The first Gaineswood plantation house was built in 1843 by General Nathan Whitfield, a year after he purchased the 480 acre property, though the first house was simply a large log cabin.
Before Whitfield owned the land it was the site of a rather historic event in the nation at the time. The previous owner, Edmund P. Gaines met with the famous Indian chief pushmataha under a large oak tree, to negotiate the removal of Choctaw forces back to Indian territory. The tree they met under became known as the Pushmataha tree.
When Whitfield owned the estate he made his fortune from cotton farming, for which he bought many slaves that lived in small houses on the land. He was known to be a typical plantation owner when it came to slaves, treating them badly and working them too hard, which included making them dig a huge drainage canal during the summer months.
When Whitfield first bought the estate it was known as the Marlmont estate, though it was renamed in 1856 to its current name in honor of General Gaines, the man who sold it to him. Soon after this the present structure began to be built in the same place as the log cabin.
It was completed on the eve of the American civil war and remains to this day the finest plantation house ever built in Marengo county. Today the house offers tours around its grounds and through the inside of the house and is also open to the general public as a historic house museum.
There probably isn't a plantation house in the south that isn't thought to be haunted, and with good reason due to the horrific treatment many suffered in these places.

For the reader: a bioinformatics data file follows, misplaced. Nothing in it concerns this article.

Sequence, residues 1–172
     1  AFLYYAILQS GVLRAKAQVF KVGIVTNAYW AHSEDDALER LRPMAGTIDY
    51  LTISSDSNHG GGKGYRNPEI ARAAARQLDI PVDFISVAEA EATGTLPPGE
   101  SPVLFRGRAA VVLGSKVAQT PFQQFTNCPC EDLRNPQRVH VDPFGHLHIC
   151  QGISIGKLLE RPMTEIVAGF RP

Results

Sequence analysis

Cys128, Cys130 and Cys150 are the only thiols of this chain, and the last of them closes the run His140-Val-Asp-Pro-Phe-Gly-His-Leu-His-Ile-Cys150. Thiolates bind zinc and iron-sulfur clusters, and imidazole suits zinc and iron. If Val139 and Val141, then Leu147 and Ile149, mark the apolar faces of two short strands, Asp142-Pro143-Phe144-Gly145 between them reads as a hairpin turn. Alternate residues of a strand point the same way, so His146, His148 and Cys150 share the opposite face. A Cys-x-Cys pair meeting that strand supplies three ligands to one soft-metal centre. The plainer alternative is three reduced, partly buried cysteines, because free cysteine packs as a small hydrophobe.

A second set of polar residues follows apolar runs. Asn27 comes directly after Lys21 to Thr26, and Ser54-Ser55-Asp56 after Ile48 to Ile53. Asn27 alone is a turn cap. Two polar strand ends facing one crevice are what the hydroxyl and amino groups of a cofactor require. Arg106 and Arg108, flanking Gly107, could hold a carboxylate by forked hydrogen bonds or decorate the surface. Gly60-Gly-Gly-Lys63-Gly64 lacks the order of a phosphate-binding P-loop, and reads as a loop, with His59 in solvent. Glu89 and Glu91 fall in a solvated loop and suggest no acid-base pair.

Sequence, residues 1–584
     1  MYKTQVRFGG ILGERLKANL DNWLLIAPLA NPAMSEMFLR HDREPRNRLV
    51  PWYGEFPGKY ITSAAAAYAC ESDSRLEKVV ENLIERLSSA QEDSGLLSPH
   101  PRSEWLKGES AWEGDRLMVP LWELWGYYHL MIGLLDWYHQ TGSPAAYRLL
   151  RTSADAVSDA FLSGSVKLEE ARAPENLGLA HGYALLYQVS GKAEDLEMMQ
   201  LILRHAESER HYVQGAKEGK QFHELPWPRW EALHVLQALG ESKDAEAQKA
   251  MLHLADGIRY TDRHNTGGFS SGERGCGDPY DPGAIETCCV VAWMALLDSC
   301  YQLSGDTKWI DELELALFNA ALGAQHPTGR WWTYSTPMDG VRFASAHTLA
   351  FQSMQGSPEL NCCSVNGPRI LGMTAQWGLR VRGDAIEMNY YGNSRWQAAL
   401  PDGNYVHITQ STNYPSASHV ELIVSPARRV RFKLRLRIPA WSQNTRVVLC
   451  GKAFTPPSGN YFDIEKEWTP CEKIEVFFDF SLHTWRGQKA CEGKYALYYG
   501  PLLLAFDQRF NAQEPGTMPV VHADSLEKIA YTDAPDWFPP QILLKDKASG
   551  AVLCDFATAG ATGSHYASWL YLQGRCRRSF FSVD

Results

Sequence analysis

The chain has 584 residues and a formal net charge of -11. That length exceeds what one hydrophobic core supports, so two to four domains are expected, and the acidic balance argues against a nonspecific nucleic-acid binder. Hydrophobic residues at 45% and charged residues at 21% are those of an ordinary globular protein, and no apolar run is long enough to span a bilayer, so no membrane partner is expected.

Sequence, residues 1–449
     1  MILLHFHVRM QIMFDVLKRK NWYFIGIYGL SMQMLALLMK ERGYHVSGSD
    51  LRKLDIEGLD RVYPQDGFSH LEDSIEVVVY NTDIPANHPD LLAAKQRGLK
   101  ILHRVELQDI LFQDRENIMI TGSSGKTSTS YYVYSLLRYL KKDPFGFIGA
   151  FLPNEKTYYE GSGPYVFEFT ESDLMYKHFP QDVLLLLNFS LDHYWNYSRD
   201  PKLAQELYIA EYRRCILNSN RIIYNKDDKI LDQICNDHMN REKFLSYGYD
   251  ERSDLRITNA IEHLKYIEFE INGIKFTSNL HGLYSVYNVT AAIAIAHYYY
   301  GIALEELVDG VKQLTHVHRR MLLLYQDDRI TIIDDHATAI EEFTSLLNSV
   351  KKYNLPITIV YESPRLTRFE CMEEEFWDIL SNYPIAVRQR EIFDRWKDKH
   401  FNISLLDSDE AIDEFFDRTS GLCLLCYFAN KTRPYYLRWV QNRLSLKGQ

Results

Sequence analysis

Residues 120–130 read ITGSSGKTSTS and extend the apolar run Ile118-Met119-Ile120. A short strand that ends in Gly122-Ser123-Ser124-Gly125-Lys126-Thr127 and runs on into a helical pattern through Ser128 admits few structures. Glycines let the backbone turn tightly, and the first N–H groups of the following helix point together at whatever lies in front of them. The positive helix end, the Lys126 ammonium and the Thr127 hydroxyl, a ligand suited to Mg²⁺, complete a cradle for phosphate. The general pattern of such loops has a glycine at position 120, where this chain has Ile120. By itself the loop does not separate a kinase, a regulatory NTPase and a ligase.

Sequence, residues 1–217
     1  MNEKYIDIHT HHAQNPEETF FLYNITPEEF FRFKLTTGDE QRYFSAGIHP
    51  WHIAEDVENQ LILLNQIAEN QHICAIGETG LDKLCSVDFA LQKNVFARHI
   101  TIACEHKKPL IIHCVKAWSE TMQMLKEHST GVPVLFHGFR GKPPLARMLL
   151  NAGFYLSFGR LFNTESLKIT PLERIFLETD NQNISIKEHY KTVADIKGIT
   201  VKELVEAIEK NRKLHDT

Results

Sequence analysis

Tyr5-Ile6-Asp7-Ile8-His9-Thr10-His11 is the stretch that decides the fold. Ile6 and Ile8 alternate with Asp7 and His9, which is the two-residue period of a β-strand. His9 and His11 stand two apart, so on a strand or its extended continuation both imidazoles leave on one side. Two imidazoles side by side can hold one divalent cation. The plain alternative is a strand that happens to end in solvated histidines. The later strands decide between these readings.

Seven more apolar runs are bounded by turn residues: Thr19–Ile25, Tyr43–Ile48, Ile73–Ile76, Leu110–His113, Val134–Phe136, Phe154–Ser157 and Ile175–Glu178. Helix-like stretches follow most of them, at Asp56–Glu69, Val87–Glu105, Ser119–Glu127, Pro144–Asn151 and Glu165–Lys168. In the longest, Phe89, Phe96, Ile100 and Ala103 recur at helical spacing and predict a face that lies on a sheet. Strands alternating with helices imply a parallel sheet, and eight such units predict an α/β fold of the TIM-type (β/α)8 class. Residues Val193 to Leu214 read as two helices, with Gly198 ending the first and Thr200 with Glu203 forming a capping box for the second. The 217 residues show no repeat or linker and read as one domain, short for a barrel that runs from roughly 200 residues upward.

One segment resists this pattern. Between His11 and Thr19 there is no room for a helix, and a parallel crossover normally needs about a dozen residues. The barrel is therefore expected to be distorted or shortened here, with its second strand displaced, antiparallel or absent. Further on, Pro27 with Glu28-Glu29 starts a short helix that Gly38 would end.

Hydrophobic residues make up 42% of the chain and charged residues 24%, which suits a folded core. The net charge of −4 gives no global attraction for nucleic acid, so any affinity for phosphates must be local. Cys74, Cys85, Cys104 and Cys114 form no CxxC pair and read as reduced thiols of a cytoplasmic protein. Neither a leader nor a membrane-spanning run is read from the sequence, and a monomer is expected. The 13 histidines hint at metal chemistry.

The most common source of plantation hauntings is obviously the slaves, but that doesn't seem to be the case here. The paranormal activity in the house is thought to be caused by a single ghost. The most common story is that the spirit is a past nanny called Evelyn Carter, who was buried beneath the house instead of her chosen spot in the family cemetery back in Virginia.
Apart from the odd item being misplaced and the occasional cold spot, the main way she likes to make herself known is by playing the piano. The sound only comes when no one is in the room to see it, but has been heard by many visitors and staff. One interesting thing about the music she plays is it is always very old, forgotten songs that people didn't know existed.
The nearby river is also thought to have provided a few ghosts to the property, making themselves known in the form of ghostly figures moving through the trees or brushing past people walking along the main paths. They are thought to have been from an accident when a steamboat called the Eliza Battle caught fire and killed several people on board. There are even a few claims of seeing a ghostly steamboat on the river, though this sounds a little more campfire storyish to me.